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Front Page » July 2, 2002 » Sports » Wildlife officials concerened with increased fishing viol...
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Wildlife officials concerened with increased fishing violations

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Fishing violations have become quite common in Utah. Violations including over limits and illegal transportation of fish are amongst the many occurances Division of Wildlife Resources officials have witnessed this year. Fish are also being disposed of improperly in Utah waters. Recently, this fish was found dead in the Gigliotti Pond in Helper with the line still attached. If anglers plan to catch and release fish, they must make sure that the fish are returned to the water in good condition. If a hook is too deep to remove, anglers should cut the line as short as possible and allow the hook to rust away. This is a much safer method of releasing fish than keeping the line attached. Anglers should consult the current fishing proclamation before heading out on any fishing adventure to ensure proper fishing habits are exercised.

Increasing numbers of certain fishing violations have created concerns for the Utah Division of Wildlife Resources. Conservation officers for the DWR have noted that some violations are becoming more frequent.

"We are concerned that some fishing violations are becoming more prevalent," said Dan Barnhurst, DWR conservation officer. "These violations include over limits and the illegal transportation of live fish and crayfish, also known as crawdads."

Anglers need to check the regulations in the 2002 Utah fishing proclamation and information publication before going fishing.

"The statewide trout limit is now four," Barnhurst stated. "Also there are many waters with special regulations and anglers should check the provisions for specific waters section for each new water they fish. We also encourage anglers that fish numerous waters to check more often as regulations may be different for those waters."

"For example, one common mistake is violating size restrictions," Barnhurst explained. One example is the new fishing limits at Gigliotti Pond in Helper. The limit is currently eight fish, however bass and bluegill are to be released. By taking these fish, anglers are violating fishing laws.

Transporting live fish and crayfish is also occuring more frequently.

"A common violation with the potential for some very serious consequences is the transportation of live fish or crayfish away from the water where they were caught," Barnhurst explained. "With the increasing popularity of boats with aerated live-wells, we've seen an increase in the number of people transporting live fish. While most anglers are merely keeping their fish fresh until they get home, others transport fish to make illegal transplants to other waters."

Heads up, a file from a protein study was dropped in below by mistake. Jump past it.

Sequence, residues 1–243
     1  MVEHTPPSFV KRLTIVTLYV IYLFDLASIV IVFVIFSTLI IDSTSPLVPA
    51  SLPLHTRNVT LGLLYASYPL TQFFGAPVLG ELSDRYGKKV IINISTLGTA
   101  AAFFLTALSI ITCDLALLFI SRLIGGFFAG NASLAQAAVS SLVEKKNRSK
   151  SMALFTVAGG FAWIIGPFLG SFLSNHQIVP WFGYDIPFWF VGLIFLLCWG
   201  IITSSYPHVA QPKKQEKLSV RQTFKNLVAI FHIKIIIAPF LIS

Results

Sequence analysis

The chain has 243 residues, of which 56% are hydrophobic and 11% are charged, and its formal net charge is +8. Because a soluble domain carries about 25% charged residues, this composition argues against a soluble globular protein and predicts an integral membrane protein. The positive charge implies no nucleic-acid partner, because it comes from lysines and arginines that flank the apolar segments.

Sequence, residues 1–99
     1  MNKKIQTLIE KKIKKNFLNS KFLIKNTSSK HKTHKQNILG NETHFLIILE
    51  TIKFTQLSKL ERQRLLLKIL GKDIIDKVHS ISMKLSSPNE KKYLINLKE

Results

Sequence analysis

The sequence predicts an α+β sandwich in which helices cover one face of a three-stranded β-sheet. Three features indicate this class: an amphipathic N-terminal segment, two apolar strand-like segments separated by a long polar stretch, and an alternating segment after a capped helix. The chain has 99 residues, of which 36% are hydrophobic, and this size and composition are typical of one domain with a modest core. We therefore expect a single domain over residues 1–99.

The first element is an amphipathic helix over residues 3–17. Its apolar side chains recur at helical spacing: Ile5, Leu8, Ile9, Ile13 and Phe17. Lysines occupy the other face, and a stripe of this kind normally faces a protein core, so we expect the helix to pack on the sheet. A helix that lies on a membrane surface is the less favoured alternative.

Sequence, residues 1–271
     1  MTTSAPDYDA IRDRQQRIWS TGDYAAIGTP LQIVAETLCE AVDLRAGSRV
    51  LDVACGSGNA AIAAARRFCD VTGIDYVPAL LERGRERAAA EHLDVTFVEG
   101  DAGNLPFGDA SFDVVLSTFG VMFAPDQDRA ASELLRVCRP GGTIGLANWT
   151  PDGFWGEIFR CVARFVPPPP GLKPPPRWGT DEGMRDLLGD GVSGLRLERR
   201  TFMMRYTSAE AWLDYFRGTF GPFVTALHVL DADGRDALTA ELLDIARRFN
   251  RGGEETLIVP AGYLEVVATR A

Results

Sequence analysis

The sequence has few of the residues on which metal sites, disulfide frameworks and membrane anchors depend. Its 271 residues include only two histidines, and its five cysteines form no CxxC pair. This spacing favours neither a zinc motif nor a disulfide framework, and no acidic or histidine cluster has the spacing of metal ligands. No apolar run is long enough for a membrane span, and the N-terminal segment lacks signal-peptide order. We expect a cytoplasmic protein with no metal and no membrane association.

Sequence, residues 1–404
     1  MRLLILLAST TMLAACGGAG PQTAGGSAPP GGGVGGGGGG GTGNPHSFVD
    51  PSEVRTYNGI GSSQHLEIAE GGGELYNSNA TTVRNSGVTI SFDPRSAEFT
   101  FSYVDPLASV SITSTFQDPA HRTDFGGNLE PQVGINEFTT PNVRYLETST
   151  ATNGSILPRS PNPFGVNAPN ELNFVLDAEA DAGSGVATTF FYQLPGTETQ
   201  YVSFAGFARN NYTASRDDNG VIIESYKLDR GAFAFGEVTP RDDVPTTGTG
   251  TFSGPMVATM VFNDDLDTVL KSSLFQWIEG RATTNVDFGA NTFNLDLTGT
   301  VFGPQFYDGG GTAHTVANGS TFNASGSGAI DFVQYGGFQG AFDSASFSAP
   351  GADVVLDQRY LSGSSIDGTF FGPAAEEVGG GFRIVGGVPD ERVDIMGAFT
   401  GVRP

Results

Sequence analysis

While it could cost the angler steep fines, loss of fishing privileges, and possible forfeiture of fishing equipment and boats, the total costs are much greater.

"This serious violation has cost Utahn's millions of dollars," Barnhurst explained. "DWR had to treat waters to remove the unwanted fish and restock with fish better suited for the management of each water."

Besides the treatment costs, local businesses have lost millions when waters are no longer productive fisheries and anglers go elsewhere to fish.

Not all illegal transplants are intentional however. "Another serious violation occurs when small fish or crawdads are caught on one water and moved alive to another water to use as bait," Barnhurst said.

Problems occur when the bait either gets loose or when anglers dump leftovers into the waters, thinking they are just providing more forage.

Sometimes these baitfish can escape predation and begin breeding, resulting in a new, unwanted fish population entering the system.

"Remember, the use of live fish for bait is illegal and transporting any live fish or crawdad is a violation the DWR will enforce strictly," warned Barnhurst.

"To avoid problems, all live-wells should be drained and the fish or crayfish killed and put on ice before leaving the water where the fish are caught. Draining these live-wells will also help prevent the spread of diseases and other unwanted critters such as whirling disease, New Zealand mud snails and zebra mussels."

Barnhurst said the division has a reward program for citizens who report information that leads to a conviction and he encourages citizens to report violations.

"Conservation officers need all the help they can get," Barnhurst stated. "We love to pay the rewards to those that provide the information that leads to a successful prosecution of poachers for any wildlife species.

Any information regarding animal poaching should be directed to the help stop poaching hotline at 800-662-3337.

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July 2, 2002
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